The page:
I like to think women as bold, remarkably strong and assertive creatures. This is evident with my list of women portraying the aforementioned attributes. They include my mum, my girlfriends, single women, women who act like single women because their prince charming turned to be a douche bag, young girls who succumb to early pregnancy wait, scratch that, women who have carried born and unborn foetus in their wombs, Chimamanda Ngozi (do you have her contact? Tell her I would like to have coffee sometime), Michelle Obama. These are just but a few; you are free to add your bold strong assertive woman in the comment box. Back in my nursery school, our teacher would remind us that we were all the same whether a boy or girl that we had equal capabilities to thrive and the only thing that made us different was our anatomy. But as I grew, this statement sounded invalid.
My little sister is growing to be a beautiful young lady and by looking at her physical appearance I can tell that adolescence is knocking so hard on her door. I remember she would tell me how she did not like how Mark (not his real name) would look at her in class. Years later, here we are, I have to lure her into telling me her boy issues. Her phone heavily secured with an eight digit password that gets to be changed whenever her intuition informs her that one of us checked her phone. Once, amidst our talks, what struck me hard was that she referred menstrual periods as “mashiro”. My elder sister and I would look annoyed yet disappointed and she explained that “mashiro” is a word coined from the Kikuyu language they use so that boys wouldn’t decipher what they were talking about. This reminded me back in my primary years when I soiled my school uniform and had to wait for all students to leave class. I tied a sweater around my waist then went to a friend’s home to clean up. Funny how tying shirts around one’s waist is considered fashionable nowadays, I digress. That evening, I had to explain to my mum why I missed lunch. She told me that I had to be aware that I was growing up and should learn to be responsible. I had a burning desire to tell her that that was not being irresponsible; that it was a mere accident. That I was only human and being the jumpy girl I was, the sanitary towel might have displaced slightly; or may be a boy I liked winked at me and my hormones were absurdly excited and the flow was heavier. I now have to explain to my little sister that menstrual periods are called menstrual periods, catamenia or menses and not that coined word. That menses is something beautiful and experiencing them simply shows that you are healthy and normal and she does not have to be ashamed during her three to four day period. And whenever she is cautious of her appearance and wants to secretly apply my lipstick before she meets up a boy; I have to remind her that we apply makeup so as to look good for our damnselves and not for the men.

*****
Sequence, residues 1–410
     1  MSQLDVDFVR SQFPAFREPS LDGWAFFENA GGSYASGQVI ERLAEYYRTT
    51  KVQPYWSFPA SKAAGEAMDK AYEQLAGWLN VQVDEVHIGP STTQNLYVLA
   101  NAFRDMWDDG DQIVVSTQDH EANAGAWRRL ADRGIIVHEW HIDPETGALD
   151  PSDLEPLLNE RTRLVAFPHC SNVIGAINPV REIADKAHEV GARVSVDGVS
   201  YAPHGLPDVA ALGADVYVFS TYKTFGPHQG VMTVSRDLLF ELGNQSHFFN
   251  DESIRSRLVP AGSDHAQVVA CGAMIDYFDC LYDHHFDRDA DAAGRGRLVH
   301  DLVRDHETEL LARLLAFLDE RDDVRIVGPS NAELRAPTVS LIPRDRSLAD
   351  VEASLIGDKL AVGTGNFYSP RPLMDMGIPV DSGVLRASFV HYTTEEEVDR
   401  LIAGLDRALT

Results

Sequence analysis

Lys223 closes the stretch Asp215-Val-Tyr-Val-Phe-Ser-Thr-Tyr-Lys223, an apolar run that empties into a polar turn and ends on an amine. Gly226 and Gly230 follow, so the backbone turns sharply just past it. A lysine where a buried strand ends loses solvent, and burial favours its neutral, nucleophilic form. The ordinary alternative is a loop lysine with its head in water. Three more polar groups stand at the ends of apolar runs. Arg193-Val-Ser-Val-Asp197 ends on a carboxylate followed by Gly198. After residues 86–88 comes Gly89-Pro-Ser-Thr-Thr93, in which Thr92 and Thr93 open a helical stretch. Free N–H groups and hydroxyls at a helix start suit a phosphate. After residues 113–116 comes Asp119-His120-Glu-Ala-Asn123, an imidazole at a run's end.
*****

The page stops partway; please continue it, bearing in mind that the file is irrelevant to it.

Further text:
I come from a community where they proudly embrace their culture and hold their values and traditions close to the heart. Every time we visit grandma, my dad reminds us to wear and pack dresses only “at least two long dresses or skirts” he’ll say. Great emphasis is made on the adjective long. Maasais find it indecent for ladies and women to don trousers as they claim to be men’s clothes. But I say, don’t blame me, blame civilization. With our society today, you will be told “Don’t put on short skirts and dresses” so as to manage appetites of men; shorts skirts provoke men. First teach men self-control and respect. That they do not have to slaver hungrily at a woman in a short skirt. Some will even go to the extremes of associating short skirts with immorality. What an irrational excuse coming from a society composed of great minds who are capable of making nuclear bombs. Speaking of ability, every time I break home for the holidays and people ask bluntly how school was and the course I am pursuing. They then pose a question which I am now accustomed to “Are you sure you will manage.” And since my mum raised me well, I feign a smile and node my head and try to justify myself that the course is not that hard just a little bit technical. Don’t you think it is high time we focus on ability instead of gender? It is so sad that at this age and time, we still think boys are the only beings who nail it in technical courses. To my fellow girls, if you feel comfortable in short skirts or dresses, six-inched heels, wearing make-up then go ahead and do it. Do it unapologetically. Be proud of your feminity and do not let those male gaze be a shaper of your wardrobe choices!